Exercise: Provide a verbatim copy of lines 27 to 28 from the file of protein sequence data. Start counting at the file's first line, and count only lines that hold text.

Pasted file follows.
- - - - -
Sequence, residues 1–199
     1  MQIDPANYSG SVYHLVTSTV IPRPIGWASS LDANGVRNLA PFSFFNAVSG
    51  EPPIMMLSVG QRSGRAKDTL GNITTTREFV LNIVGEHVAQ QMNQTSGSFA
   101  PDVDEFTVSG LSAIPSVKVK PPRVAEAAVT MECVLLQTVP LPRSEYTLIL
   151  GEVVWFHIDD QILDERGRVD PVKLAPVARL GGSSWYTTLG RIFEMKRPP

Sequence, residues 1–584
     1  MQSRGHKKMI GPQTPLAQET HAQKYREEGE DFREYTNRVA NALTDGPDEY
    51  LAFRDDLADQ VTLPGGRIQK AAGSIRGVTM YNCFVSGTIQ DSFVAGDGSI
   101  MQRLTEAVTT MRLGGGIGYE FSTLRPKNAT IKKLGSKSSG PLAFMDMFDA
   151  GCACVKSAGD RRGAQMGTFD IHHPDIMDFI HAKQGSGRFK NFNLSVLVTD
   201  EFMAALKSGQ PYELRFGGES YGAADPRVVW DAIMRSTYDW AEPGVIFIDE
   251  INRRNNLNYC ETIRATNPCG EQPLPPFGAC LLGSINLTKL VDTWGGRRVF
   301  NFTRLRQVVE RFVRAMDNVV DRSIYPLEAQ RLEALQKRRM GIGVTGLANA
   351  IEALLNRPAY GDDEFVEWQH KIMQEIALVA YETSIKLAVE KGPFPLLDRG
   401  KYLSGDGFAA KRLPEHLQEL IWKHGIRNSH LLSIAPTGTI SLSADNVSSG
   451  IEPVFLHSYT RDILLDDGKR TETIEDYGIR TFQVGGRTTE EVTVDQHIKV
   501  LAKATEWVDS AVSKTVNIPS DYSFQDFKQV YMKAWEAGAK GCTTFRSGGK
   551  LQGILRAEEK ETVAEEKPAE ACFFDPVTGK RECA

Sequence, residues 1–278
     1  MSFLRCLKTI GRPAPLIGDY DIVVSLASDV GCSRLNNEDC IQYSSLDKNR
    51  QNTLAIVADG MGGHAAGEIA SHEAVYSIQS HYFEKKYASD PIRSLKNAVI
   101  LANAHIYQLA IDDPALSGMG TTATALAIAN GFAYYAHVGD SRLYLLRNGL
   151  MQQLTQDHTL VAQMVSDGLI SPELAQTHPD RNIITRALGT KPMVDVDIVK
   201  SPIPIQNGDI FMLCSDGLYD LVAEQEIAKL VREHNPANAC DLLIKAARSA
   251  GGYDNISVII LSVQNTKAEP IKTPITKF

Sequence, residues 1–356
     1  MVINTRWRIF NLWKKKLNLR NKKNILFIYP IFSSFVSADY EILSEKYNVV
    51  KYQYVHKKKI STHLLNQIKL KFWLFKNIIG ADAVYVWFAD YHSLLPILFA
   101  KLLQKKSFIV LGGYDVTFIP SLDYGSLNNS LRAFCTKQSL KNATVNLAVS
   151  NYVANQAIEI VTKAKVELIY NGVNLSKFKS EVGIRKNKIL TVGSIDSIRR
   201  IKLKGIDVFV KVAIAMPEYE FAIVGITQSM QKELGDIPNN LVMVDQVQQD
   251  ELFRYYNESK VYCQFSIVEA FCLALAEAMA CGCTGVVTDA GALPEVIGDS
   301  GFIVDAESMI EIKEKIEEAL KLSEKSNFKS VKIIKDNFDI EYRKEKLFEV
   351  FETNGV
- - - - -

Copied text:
     1  MVINTRWRIF NLWKKKLNLR NKKNILFIYP IFSSFVSADY EILSEKYNVV
    51  KYQYVHKKKI STHLLNQIKL KFWLFKNIIG ADAVYVWFAD YHSLLPILFA